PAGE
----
Sadness, worry and broken hearts are just some of the feelings expressed by sixth graders in Cairo, Illinois, in letters sent to Housing and Urban Development Secretary Ben Carson, whose agency decided to level two housing complexes some of the students call home.
"HUD is making us move away from family, friends, everybody that we love and care about," Pircola Brazil said as she read her letter on camera to the local newspaper, The Southern Illinoisan.
A little more than a year after taking control of the Alexander County Housing Authority, the Department of Housing and Urban Development has decided to offer 183 families living in the two complexes vouchers to move. Illinois Sens. Dick Durbin and Tammy Duckworth, both Democrats, issued a statement welcoming the decision, but warning HUD should work "to mitigate the destabilizing effects of relocation."
The housing complexes were so mismanaged by the housing authority that HUD took control of them last year. The students describe conditions that include severe rodent infestation, but fear the upheaval caused by leveling the buildings could have dire consequences for their school and for the city of Cairo, which has suffered a major population decline.
The senators said the apartments were "overrun by rodents, roaches, mold and violent crime" and that the current situation is "the same, if not worse" than it was when HUD took over.
One student, Keri Williams, asked Carson "if you could help us."
Another student, Gabriella Lyas said: "Please try. I don't want to lose my home."
The senators invited Carson to visit Cairo to "see firsthand how dire and dangerous conditions have become" for some residents of Illinois's southernmost city.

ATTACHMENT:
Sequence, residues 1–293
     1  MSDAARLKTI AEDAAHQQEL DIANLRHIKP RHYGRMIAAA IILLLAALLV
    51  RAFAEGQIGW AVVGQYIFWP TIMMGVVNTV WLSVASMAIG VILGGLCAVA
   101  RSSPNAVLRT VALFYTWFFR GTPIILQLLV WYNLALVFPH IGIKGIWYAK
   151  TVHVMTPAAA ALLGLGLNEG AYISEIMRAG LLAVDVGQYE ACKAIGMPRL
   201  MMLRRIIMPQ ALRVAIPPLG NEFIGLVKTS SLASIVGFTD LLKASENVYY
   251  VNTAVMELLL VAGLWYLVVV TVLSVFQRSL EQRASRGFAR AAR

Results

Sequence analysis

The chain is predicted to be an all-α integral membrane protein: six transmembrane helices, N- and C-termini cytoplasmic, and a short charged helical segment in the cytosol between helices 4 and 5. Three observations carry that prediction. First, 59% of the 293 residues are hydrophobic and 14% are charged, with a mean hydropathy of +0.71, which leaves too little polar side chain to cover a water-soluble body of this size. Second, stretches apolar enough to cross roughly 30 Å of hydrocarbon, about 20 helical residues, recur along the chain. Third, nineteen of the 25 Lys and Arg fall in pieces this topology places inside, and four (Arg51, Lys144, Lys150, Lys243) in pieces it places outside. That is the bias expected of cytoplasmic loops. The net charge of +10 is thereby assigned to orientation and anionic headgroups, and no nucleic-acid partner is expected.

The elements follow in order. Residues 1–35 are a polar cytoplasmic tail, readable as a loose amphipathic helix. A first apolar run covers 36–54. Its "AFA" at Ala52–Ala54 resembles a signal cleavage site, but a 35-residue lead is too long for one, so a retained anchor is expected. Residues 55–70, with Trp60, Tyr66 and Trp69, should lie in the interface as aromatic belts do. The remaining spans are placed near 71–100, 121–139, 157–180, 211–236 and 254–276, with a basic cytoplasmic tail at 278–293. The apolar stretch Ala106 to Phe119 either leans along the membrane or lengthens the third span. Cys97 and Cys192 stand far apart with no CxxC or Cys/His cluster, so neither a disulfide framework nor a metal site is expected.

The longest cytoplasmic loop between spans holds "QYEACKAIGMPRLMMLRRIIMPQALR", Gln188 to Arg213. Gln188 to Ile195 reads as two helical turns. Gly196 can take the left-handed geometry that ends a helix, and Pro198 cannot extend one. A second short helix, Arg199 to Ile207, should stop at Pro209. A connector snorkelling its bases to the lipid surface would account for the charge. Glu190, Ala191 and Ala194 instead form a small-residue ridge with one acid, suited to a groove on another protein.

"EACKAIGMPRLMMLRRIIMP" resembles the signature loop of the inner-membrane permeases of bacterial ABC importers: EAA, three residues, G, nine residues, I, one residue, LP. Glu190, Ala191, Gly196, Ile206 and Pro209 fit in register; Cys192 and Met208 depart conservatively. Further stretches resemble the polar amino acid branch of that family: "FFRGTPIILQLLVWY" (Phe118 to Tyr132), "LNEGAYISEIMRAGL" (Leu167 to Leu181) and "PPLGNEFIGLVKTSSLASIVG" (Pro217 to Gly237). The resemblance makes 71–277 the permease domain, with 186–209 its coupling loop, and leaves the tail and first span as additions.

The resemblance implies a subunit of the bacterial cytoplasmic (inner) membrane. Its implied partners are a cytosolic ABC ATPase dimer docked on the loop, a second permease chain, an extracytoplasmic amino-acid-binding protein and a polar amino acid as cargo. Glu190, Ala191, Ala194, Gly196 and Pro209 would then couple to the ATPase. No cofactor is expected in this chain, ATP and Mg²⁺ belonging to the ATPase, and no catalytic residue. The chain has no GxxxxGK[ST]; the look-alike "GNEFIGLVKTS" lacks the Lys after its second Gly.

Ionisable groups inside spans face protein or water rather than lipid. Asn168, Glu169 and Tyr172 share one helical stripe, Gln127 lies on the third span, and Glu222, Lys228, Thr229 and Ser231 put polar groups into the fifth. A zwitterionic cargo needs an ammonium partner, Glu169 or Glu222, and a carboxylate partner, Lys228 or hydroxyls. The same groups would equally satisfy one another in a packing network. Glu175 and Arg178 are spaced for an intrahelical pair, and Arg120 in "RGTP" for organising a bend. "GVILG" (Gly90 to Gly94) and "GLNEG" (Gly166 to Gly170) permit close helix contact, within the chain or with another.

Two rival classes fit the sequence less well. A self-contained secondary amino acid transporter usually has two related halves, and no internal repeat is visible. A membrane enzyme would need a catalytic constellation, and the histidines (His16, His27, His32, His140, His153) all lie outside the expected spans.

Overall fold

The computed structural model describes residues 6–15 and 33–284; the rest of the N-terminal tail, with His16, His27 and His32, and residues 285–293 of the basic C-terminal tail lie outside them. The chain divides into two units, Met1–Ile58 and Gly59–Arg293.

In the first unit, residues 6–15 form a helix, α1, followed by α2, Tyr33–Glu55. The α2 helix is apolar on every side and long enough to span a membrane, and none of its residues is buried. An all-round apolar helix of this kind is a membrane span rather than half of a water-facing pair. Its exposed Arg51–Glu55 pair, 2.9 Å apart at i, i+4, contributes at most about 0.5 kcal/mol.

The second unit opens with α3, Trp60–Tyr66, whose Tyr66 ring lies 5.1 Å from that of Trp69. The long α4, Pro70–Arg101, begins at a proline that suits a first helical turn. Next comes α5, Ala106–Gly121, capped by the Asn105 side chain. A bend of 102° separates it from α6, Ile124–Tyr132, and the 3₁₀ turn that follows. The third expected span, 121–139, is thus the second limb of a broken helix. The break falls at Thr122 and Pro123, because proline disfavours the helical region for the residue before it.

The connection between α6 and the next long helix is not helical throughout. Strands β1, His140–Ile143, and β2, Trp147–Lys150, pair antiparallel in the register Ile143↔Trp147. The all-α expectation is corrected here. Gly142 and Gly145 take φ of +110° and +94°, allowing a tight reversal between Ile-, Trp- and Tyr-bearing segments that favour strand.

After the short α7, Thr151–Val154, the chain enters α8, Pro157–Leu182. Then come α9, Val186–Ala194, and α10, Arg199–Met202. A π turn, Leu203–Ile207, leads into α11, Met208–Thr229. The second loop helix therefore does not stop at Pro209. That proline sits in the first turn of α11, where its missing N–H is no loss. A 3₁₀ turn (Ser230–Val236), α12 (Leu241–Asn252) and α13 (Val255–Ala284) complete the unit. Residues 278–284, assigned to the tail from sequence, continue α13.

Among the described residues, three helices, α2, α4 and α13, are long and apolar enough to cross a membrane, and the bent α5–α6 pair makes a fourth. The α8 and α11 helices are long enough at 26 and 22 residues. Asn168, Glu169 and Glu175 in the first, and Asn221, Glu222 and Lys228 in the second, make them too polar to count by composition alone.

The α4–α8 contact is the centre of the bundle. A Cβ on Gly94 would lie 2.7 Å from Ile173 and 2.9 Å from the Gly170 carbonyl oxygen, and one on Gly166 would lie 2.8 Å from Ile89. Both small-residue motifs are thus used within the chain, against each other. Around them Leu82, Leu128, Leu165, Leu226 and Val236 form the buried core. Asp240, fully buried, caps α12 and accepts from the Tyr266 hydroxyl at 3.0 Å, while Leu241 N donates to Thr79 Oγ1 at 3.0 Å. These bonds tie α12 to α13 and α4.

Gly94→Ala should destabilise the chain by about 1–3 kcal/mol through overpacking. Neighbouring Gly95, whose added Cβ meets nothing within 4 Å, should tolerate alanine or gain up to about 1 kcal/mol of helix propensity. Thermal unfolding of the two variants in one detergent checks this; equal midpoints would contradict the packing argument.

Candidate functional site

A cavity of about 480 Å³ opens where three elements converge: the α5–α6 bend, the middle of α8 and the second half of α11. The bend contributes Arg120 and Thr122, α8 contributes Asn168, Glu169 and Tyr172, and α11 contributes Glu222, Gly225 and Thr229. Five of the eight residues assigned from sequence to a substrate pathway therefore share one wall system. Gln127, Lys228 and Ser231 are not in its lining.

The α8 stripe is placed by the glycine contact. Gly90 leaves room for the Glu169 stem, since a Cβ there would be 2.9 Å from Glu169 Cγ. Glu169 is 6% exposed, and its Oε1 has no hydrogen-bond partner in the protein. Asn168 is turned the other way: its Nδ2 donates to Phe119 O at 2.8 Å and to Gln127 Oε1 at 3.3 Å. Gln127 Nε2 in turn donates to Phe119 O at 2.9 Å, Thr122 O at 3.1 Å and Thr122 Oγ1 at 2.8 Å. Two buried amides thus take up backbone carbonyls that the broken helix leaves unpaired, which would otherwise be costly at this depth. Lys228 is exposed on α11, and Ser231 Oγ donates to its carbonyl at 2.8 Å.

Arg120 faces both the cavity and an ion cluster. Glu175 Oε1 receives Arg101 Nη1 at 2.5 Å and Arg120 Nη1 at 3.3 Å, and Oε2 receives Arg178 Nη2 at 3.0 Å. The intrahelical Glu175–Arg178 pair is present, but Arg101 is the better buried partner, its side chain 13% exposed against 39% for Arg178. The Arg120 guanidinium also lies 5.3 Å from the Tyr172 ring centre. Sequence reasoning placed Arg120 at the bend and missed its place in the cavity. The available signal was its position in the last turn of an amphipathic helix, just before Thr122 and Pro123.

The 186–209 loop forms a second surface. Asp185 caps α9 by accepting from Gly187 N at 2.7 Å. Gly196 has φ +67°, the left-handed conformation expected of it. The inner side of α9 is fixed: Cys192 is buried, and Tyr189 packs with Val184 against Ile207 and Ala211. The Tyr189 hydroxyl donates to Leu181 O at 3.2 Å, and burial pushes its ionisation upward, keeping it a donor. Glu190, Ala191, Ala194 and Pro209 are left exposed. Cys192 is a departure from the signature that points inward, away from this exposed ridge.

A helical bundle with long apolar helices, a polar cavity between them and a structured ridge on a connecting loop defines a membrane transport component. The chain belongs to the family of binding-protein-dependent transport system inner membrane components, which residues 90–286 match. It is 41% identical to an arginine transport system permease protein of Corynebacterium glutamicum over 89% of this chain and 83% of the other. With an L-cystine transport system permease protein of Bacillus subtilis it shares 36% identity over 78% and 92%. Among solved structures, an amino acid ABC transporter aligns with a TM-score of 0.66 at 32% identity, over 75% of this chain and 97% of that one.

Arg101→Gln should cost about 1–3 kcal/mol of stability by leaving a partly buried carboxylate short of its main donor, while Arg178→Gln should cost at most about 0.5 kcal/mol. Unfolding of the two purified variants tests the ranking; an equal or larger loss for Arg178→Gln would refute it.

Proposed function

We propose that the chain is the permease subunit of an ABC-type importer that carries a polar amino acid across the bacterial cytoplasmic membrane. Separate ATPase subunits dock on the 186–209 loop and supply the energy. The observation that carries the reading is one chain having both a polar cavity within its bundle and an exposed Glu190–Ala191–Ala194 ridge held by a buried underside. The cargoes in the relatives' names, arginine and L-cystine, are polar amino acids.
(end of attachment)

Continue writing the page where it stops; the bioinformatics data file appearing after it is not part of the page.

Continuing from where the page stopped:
Cairo School District Superintendent, Dr. Andrea Evers, said HUD is giving families 150 days to relocate from housing she called "a man-made disaster."
But she says the current plan will decimate the community, because there are no realistic housing options nearby.
"It's so, so, so sad," she said, adding she hopes HUD will decide to instead bring in FEMA trailers to house residents until adequate housing can be built.
She said 40%-50% of students in her district live in the housing complexes and that the families are "waiting for a miracle."
"We need a savior to come in," she said.
Evans said the residents of the housing complexes are mostly minority families.
Cairo has a long history of racial tensions including riots in the 1960s and lynchings earlier in the century.
The students' teacher, Mary Beth Goff, told The Southern Illinoisan, "I saw kids who were broken," which is when she encouraged them to write to Carson.
HUD has not responded to CNN's request for comment.